Guy Mitchell Art Tiles – More than a man in a shed
Despite my affinity and affection for textiles, I’ve always had a ‘thing’ for ceramics; they get me excited, giddy even. Whether in the form of a thrown pot with delicious hand formed ridges and ripples that undulate under the touch of a finger or the crispness of a precision cut hand or machine made tile, ceramics have sex appeal.
Whilst working on an interiors project I called into my local tile shop, Harp Ceramics, my eye was caught by something that stood out amongst the Italian and Spanish super stones… The work of Guy Mitchell. I’ve spent a good hour or more now trawling through Guy’s instagram feed to get a feel for his work, to explore his product offering and to see a craftsman at work. Guy Mitchell Art produces hand cut tiles in limited bespoke batches decorated with the most exquisite glazes that leave colour hungry fans wanting for nothing. Like an artist may mix paint on canvas, Guy mixes glaze on tile and the results are always hypnotic. I am put in mind of something eastern with jade colouring but mixed with luscious blues and the darkest browns that balance the whole effect.
If the colours were all that mattered then we would be happy with what is on offer but the tiles themselves are born out of a tradition of tessellation and whether consciously or not the shapes are inspired by the Moorish and the traditional Muslim artworks of Northern Africa with strict geometry and angles enough to make a modernist feel at home.
I got in touch with Guy Mitchell to have a chat about his work and to find out the deal with the shed!
What inspires you?
I take inspiration from many sources. I love everything from the colours and complex patterns of Islamic tiles to the simple but beautiful Victorian English pub and subway tiles. British and Scandinavian midcentury design is a big influence, particularly the studio pottery, textile and furniture design. I also keep an eye on current trends and themes, personally preferring “dark and moody” to “white and minimal”.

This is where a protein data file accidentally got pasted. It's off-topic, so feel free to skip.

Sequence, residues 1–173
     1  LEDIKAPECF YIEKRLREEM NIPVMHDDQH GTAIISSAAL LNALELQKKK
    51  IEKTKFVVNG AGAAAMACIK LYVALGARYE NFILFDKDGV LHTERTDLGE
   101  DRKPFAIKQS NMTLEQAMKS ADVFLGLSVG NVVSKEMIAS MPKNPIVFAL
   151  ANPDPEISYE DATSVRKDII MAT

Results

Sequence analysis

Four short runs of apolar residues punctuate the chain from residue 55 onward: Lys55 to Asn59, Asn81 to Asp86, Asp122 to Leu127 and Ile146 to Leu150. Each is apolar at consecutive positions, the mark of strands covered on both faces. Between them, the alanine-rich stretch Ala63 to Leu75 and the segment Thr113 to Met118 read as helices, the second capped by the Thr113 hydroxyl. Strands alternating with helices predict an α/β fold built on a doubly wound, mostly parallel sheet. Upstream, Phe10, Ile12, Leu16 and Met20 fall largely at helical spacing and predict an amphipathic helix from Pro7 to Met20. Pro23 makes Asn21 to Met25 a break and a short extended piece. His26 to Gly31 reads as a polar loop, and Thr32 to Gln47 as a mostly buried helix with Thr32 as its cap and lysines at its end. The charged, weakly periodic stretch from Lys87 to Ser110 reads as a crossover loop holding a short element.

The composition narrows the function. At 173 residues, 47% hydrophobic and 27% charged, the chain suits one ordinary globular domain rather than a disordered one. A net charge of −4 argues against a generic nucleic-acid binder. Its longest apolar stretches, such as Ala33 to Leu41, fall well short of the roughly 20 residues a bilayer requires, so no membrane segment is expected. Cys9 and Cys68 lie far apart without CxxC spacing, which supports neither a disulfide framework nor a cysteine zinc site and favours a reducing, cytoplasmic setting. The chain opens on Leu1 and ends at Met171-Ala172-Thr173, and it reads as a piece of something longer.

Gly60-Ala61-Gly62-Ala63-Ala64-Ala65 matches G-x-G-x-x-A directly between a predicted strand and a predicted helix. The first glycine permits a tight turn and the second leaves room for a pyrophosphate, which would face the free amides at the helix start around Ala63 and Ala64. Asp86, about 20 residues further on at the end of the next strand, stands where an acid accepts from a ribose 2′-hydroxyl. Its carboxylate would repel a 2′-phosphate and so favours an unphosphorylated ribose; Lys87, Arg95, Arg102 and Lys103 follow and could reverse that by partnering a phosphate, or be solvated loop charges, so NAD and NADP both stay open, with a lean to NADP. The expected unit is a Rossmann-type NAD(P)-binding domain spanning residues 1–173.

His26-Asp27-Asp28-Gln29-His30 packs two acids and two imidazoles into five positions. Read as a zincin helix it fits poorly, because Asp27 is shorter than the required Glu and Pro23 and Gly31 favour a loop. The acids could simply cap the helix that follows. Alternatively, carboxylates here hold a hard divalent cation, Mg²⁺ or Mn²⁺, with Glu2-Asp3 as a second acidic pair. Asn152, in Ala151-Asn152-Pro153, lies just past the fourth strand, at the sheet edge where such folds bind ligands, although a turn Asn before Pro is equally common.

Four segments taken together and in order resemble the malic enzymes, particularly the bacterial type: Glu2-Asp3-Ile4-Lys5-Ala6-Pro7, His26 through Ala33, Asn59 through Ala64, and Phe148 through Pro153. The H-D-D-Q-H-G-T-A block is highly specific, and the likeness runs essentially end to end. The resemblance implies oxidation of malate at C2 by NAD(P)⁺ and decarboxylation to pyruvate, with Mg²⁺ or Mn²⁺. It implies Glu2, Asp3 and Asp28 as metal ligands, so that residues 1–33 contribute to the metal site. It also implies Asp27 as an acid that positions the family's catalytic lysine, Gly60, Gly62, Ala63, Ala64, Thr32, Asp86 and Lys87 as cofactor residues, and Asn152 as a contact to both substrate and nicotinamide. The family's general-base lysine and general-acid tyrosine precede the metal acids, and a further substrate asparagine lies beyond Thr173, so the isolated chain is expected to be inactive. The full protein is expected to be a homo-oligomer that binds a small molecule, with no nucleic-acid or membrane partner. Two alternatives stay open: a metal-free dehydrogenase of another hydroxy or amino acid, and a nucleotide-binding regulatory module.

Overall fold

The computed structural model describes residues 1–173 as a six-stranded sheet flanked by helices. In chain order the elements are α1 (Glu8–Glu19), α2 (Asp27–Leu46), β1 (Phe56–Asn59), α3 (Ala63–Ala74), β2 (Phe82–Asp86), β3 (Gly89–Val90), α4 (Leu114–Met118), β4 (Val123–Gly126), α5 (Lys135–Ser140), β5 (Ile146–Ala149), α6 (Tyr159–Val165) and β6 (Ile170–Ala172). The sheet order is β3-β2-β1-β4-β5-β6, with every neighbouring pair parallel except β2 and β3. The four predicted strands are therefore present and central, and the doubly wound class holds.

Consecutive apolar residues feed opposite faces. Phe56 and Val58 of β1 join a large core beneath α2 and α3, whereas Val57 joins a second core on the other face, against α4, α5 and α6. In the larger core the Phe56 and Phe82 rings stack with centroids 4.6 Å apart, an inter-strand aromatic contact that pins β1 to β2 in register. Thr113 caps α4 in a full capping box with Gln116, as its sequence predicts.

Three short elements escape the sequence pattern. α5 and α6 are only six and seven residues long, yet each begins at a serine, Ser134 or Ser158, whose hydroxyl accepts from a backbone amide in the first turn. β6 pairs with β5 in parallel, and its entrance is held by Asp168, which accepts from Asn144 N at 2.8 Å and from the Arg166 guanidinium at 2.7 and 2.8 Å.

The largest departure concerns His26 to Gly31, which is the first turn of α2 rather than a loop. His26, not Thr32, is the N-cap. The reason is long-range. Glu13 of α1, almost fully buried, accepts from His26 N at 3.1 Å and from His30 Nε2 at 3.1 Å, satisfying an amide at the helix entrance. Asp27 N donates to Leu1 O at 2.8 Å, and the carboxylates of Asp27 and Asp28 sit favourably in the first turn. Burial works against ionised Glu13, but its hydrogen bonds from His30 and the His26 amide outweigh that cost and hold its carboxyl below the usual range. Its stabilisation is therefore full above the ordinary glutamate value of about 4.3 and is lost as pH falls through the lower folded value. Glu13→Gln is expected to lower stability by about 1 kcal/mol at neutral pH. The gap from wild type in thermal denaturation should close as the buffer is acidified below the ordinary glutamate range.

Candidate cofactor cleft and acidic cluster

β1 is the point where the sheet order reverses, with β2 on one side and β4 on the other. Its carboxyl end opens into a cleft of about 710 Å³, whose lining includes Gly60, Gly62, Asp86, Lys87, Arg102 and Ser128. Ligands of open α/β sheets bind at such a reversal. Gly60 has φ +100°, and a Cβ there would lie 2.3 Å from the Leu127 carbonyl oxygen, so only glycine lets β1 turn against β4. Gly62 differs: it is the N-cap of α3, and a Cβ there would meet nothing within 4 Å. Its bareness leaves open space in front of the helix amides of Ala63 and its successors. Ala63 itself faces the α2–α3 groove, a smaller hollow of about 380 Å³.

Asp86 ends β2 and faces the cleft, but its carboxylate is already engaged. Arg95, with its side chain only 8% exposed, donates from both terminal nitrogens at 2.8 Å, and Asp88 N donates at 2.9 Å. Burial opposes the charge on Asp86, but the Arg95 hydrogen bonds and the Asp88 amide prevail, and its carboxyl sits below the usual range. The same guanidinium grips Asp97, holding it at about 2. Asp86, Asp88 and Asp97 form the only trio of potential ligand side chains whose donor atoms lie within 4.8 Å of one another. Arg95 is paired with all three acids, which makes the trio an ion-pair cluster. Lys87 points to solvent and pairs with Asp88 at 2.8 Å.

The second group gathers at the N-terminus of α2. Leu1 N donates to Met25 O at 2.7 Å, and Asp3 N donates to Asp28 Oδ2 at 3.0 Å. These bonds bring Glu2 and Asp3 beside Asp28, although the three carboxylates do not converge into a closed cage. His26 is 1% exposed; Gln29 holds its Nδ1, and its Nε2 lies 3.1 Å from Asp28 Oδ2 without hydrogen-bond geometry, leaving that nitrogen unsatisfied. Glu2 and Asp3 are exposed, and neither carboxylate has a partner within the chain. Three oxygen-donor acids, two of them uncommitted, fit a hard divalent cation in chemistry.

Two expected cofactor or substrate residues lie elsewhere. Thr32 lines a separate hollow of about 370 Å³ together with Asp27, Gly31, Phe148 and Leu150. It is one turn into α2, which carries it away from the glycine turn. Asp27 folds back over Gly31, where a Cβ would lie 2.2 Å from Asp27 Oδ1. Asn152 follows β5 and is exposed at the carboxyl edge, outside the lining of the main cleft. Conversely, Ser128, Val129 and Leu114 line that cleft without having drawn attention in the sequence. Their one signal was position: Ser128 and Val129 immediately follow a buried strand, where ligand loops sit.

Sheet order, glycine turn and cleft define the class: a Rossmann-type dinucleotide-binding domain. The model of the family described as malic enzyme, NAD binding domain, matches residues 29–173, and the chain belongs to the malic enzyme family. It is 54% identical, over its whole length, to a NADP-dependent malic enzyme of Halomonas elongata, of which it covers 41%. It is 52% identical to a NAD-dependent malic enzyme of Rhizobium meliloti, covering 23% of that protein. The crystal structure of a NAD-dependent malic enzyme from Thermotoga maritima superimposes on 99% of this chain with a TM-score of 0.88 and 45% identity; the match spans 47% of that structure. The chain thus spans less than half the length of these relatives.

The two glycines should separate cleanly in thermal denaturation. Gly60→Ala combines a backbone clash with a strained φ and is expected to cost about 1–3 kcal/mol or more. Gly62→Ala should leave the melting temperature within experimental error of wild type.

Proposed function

Where do you produce your work? ie home, studio, office?
In my garden I have what could be described as a ceramics studio, but it could also be described as a big shed!It’s quite convenient to be around when the kiln is on overnight or at the weekend for example. For the amount of work I am producing it is good sized space but I can foresee a time in the future where I may need to find somewhere bigger.
How is your work produced? ie the process, traditional or modern construction techniques?
Aside from the firing of the tiles, every aspect of the process is carried out by hand. If a customer was to order 50 tiles, then a bag of clay would be divided up, prepared and rolled out with a rolling Pin. These would then be left to dry a while before being cut out and left to dry completely. The tiles would then be fired in the kiln for the first firing.All of the glazes are mixed by hand from raw materials and oxides. The tiles are usually dipped into the glaze before being refired to a higher temperature.I think the skill in what I do is using traditional methods to create something new. l layer glazes on top of each other to interesting effect. I love experimenting with the surface of the tiles, making a feature out of perceived imperfections such as crackles and cratering.
What are you working on at the moment?
I’ve been working on making a couple of prototype coffee tables. I’m designing and making the table tops, whilst a metal worker Is making the bases. We will see if people like them, then go from there!
What advice would you give to new designers just starting out?
It sounds like a cliché but follow your dream! Make a loose plan of what you want to do but don’t be afraid to deviate from it. I knew I wanted to design and make tiles but I couldn’t have told you what they would look like. That has come about through seeing what works for me as a designer.
I would also remind new designers about how useful social media is as a promotional tool. If it wasn’t for instagram and hashtags nobody would be aware of my work, I would just be a man in a shed!